A recent article in the
Orange County Register
by Pulitzer Prize-winning investigative reporter Maurice Possley highlights the county’s resistance to eyewitness identification reforms despite a history of wrongful convictions based on eyewitness misidentification. After decades of social science research demonstrating the fallibility of eyewitness evidence, and 35 California exonerations that involved eyewitness misidentification statewide, Orange County’s eyewitness identification procedures have yet to be improved.
While several states and jurisdictions have adopted best practices to ensure the integrity of identifications, police departments throughout California including Orange County are still largely using outdated practices that could adversely affect identifications. The Northern California Innocence Project conducted a survey two years ago of eyewitness identification procedures in law enforcement offices throughout the state. Possley writes:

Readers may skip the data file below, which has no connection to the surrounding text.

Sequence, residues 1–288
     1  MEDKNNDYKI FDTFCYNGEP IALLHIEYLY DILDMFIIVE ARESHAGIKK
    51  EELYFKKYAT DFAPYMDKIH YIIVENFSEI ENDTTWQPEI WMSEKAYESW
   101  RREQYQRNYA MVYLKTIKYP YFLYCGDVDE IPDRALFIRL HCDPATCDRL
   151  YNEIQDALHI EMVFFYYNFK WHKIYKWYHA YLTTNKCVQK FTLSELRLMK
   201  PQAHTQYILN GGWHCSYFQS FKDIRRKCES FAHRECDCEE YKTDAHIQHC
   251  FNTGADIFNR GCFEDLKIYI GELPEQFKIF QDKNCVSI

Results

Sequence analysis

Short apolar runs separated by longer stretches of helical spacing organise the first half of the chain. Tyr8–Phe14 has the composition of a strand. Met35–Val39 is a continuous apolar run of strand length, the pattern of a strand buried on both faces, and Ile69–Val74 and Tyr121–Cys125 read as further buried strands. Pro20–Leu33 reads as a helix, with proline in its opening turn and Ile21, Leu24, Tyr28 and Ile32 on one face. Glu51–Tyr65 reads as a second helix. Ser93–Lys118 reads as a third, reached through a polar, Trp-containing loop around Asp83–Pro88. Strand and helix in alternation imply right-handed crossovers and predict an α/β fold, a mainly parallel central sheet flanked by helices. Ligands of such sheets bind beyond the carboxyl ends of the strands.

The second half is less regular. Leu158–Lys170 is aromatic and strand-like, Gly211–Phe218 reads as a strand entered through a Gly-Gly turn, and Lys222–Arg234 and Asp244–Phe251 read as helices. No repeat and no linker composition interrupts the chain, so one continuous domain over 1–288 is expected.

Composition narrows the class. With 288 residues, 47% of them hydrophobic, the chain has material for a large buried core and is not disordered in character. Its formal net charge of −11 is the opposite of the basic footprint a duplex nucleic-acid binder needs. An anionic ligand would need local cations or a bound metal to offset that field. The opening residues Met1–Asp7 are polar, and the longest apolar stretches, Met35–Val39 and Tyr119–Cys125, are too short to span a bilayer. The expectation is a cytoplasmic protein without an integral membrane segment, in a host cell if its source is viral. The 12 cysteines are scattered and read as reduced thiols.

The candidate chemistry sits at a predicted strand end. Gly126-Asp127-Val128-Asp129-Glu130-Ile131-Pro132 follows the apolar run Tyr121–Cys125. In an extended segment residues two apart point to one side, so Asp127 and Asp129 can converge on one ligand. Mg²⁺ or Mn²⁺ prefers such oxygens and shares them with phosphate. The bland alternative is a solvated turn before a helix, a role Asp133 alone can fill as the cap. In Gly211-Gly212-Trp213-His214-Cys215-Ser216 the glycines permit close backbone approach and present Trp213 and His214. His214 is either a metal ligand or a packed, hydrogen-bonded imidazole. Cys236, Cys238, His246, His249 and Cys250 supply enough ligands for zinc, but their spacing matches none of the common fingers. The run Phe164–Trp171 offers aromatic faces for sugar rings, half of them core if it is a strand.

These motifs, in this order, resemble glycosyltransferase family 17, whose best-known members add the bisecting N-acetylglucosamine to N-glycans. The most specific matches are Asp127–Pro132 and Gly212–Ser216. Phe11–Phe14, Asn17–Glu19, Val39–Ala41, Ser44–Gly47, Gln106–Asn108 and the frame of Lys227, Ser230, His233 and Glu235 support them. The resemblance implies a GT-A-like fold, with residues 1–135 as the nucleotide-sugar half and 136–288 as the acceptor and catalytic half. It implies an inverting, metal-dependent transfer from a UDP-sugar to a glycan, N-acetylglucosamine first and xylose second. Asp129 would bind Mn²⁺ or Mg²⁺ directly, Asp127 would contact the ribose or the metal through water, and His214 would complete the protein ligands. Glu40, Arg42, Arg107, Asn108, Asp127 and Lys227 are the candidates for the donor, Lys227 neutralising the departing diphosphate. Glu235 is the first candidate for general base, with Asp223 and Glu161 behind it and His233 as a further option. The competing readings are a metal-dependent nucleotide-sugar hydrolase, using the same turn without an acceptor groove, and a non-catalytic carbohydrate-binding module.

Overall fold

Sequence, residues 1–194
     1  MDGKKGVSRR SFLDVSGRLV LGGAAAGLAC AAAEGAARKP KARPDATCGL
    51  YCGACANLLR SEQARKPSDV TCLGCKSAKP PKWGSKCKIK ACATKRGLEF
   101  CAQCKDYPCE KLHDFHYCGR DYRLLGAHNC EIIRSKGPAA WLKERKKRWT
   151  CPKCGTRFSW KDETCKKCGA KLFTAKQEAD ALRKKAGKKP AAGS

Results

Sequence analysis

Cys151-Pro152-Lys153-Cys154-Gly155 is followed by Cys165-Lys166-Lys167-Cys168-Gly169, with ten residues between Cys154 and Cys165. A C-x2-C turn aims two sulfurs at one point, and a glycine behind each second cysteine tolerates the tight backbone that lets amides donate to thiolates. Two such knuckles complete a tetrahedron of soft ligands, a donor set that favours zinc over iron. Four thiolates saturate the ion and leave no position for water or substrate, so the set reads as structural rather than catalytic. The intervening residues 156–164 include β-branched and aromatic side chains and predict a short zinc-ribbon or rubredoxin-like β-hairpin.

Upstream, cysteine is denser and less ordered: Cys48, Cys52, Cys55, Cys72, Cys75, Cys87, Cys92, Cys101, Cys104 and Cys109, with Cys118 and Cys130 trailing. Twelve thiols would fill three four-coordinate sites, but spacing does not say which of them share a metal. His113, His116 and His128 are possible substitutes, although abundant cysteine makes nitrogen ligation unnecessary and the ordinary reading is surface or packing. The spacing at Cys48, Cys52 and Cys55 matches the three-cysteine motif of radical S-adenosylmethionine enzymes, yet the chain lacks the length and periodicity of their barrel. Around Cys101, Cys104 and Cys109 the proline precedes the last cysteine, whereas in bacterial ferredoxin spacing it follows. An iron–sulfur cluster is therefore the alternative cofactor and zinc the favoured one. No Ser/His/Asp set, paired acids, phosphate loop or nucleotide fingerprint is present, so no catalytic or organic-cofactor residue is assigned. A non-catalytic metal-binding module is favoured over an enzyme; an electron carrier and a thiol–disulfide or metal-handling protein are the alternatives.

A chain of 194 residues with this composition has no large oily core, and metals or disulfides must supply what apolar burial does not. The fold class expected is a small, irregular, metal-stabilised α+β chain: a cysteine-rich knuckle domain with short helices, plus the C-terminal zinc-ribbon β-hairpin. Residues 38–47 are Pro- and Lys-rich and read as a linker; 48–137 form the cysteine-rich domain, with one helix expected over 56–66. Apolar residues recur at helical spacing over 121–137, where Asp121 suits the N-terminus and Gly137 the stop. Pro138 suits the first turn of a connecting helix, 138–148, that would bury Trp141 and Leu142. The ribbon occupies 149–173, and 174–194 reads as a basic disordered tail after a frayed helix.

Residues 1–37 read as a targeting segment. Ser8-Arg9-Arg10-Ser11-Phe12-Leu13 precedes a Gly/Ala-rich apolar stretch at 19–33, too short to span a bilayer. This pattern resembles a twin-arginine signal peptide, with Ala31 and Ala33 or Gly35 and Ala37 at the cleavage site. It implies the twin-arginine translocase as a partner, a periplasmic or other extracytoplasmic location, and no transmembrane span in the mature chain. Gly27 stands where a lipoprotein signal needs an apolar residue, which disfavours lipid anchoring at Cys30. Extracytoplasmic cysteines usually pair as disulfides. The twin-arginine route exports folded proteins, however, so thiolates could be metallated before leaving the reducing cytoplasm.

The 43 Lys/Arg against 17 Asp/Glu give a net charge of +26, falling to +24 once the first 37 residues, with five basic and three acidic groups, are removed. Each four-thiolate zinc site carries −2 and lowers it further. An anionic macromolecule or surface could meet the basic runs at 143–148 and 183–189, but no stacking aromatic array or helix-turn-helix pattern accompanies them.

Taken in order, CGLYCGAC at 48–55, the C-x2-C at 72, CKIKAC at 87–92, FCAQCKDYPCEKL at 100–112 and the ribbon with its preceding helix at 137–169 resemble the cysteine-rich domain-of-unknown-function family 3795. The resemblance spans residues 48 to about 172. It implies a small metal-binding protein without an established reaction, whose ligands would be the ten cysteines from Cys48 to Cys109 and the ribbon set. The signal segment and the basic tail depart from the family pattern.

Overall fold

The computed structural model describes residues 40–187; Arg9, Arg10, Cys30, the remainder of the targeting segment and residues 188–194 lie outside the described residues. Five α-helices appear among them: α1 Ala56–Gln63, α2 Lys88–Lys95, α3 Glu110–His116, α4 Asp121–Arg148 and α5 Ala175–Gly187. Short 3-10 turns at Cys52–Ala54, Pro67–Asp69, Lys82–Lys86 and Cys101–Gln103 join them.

Maitreya Badami, an attorney at NCIP who oversaw the survey, said that not a single law-enforcement agency in Orange County reported that best practices for eyewitness identification were part of their procedures. Since then, Badami says, San Francisco police adopted the best practices (in January 2012) and law enforcement officials in Alameda County, which includes the Oakland police department, are considering adopting the procedures. Los Angeles police have not adopted the procedures, she said. A Register survey this month of the seven police departments involved in the nine wrongful conviction cases shows that only Buena Park has since adopted the double-blind and sequential practices.
Police departments that have adopted the reforms, such as San Francisco, Dallas, Boston and many others, have not gone back. According to the Buena Park department, the only one of the Orange County departments to adopt best practices:
Buena Park’s police training coordinator, Corporal Andy Luong, said his department adopted the new procedures in September. “It made a lot of sense to us,” he said. “It made the process a lot cleaner and we believe it maintains the integrity of the cases and there is less chance of a case being tainted.”